Fábio Daura-Jorge, a co-author who has studied the practice for 15 years at the Universidade Federal de Santa Catarina in Brazil, said researchers are already seeing early signs of decline in the practice.
Predictive models run as part of the study support this observation. Both the dolphins and the fishers are reliant on a strong and healthy fish population for the cooperative relationship to succeed. In recent years, the region has seen reduced availability of fish. There is also reduced interest in learning the tradition, said Daura-Jorge. “We don’t know what is going to happen in the future, but our best guess, using our best data and best models, is that if things keep going the way they are right now, there will be a time when the interaction will no longer be of interest by at least one of the predators – the dolphins or the fishers,” Daura-Jorge said.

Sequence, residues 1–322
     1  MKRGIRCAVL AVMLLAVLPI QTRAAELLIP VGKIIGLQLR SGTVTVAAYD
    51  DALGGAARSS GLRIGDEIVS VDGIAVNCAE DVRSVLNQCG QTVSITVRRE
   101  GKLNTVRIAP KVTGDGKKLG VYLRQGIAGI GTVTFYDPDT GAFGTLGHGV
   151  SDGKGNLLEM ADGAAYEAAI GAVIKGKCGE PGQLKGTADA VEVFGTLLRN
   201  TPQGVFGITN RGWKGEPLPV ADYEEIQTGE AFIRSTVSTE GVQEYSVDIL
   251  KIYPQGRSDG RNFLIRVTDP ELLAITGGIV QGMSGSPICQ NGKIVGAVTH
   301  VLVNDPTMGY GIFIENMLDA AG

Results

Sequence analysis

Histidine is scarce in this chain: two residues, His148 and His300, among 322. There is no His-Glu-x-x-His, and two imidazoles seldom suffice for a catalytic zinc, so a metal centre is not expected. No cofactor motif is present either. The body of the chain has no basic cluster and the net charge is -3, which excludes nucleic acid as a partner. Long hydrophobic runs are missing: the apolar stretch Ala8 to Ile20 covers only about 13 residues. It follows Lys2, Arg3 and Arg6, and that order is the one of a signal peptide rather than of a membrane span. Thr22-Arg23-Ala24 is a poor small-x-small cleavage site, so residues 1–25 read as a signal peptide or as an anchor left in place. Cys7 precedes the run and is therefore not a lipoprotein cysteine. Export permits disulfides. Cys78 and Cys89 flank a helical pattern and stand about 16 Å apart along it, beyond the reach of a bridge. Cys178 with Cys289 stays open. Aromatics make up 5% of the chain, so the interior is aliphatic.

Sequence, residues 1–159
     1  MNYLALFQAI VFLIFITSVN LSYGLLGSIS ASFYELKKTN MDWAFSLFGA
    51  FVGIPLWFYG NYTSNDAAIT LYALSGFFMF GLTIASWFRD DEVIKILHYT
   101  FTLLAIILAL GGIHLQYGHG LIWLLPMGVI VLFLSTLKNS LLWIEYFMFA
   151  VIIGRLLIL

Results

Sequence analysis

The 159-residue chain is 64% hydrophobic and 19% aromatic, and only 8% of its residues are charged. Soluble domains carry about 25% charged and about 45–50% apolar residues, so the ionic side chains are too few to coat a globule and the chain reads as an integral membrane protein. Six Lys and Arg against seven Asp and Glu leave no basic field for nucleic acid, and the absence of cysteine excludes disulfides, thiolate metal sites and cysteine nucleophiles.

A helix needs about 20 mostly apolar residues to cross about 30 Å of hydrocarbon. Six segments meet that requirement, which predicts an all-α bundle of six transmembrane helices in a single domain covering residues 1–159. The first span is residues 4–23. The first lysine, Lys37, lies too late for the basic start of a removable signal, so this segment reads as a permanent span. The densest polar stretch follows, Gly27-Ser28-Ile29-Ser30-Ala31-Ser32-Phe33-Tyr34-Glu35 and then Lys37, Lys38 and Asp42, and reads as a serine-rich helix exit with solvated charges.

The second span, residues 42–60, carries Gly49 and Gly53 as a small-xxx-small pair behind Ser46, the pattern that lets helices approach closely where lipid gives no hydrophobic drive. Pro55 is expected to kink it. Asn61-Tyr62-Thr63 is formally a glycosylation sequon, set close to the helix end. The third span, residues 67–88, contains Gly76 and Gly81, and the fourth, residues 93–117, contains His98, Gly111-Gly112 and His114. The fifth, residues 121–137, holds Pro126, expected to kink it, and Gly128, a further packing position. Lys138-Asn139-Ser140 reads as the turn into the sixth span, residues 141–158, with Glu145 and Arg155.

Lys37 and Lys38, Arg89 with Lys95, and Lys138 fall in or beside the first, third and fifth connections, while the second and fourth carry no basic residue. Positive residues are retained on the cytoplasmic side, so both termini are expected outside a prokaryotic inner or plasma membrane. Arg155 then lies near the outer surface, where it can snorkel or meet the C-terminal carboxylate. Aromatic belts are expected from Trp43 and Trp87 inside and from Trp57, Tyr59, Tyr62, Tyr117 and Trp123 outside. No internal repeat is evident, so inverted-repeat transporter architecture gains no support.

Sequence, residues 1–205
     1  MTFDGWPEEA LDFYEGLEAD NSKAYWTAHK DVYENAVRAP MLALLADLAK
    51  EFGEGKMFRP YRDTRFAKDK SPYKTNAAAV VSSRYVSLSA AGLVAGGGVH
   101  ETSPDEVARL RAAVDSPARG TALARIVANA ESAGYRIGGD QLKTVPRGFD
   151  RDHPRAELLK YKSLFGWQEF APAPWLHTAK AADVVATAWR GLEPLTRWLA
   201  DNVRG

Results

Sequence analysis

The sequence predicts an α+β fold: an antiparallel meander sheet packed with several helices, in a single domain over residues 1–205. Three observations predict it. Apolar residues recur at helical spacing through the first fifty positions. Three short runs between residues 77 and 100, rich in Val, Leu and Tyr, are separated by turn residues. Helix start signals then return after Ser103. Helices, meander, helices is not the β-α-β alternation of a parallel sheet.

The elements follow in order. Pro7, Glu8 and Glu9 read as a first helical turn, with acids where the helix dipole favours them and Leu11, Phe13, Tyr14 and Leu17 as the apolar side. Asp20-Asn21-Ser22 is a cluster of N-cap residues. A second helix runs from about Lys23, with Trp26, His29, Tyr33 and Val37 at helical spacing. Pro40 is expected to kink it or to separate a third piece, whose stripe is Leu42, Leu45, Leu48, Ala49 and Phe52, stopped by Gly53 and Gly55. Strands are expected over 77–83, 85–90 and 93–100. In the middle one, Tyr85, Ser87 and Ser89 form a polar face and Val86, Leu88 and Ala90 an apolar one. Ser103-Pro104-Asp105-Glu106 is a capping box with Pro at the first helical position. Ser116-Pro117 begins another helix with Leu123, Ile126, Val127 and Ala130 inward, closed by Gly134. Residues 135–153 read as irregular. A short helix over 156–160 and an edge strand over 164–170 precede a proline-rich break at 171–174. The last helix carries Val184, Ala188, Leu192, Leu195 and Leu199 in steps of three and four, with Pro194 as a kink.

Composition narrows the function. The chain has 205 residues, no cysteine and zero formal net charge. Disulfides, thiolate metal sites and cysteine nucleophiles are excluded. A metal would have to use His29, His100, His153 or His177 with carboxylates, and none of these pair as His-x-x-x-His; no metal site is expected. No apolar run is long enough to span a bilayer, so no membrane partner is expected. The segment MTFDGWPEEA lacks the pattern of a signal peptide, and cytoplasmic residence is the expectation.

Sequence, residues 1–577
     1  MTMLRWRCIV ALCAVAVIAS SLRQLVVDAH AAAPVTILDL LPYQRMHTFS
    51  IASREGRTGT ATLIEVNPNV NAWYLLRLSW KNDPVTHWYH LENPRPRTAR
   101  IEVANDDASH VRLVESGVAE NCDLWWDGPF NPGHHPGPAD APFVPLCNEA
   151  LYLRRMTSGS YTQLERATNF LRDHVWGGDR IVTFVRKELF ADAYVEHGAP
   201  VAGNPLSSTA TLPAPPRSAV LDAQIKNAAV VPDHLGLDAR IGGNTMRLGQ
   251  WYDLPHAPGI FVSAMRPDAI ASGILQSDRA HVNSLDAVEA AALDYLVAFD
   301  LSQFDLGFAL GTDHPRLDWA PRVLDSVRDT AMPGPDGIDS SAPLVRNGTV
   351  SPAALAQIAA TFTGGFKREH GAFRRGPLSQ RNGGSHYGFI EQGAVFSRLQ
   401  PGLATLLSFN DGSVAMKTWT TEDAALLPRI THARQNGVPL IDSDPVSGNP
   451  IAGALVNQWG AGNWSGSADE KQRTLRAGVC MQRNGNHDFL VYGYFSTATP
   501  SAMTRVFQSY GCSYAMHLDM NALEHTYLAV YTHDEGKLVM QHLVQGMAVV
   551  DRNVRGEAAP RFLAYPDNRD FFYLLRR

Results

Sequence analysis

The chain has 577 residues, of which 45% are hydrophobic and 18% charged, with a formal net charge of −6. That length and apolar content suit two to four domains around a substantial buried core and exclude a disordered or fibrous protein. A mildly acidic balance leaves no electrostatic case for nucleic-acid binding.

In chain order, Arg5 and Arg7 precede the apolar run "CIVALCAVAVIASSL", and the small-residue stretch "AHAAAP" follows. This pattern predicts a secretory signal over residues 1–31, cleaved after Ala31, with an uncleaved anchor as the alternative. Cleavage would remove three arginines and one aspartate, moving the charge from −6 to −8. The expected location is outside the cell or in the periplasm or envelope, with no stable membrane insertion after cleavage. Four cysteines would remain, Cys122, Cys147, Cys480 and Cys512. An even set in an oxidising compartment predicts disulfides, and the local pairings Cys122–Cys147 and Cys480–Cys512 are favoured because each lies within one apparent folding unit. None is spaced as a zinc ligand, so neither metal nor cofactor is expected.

Saving the practice
The researchers suggest several conservation measures may be necessary to secure the future of the practice. First is to try to identify the source of the mullet decline and take measures to better manage that species, such as reducing use of illegal nets through law enforcement, Daura-Jorge said.
Second, the researchers recommend steps to work with current and future artisanal fishers, stressing the cultural and economic importance of the net-casting practice. That might include offering incentives to encourage the traditional practice, such as setting a premium price for fish caught with this method. “This phenomenon of mutually-beneficial interaction between wildlife and humans is getting more and more rare and seems to be at global risk,” Cantor said. “The cultural value and the biodiversity are important, and it’s important to preserve it.”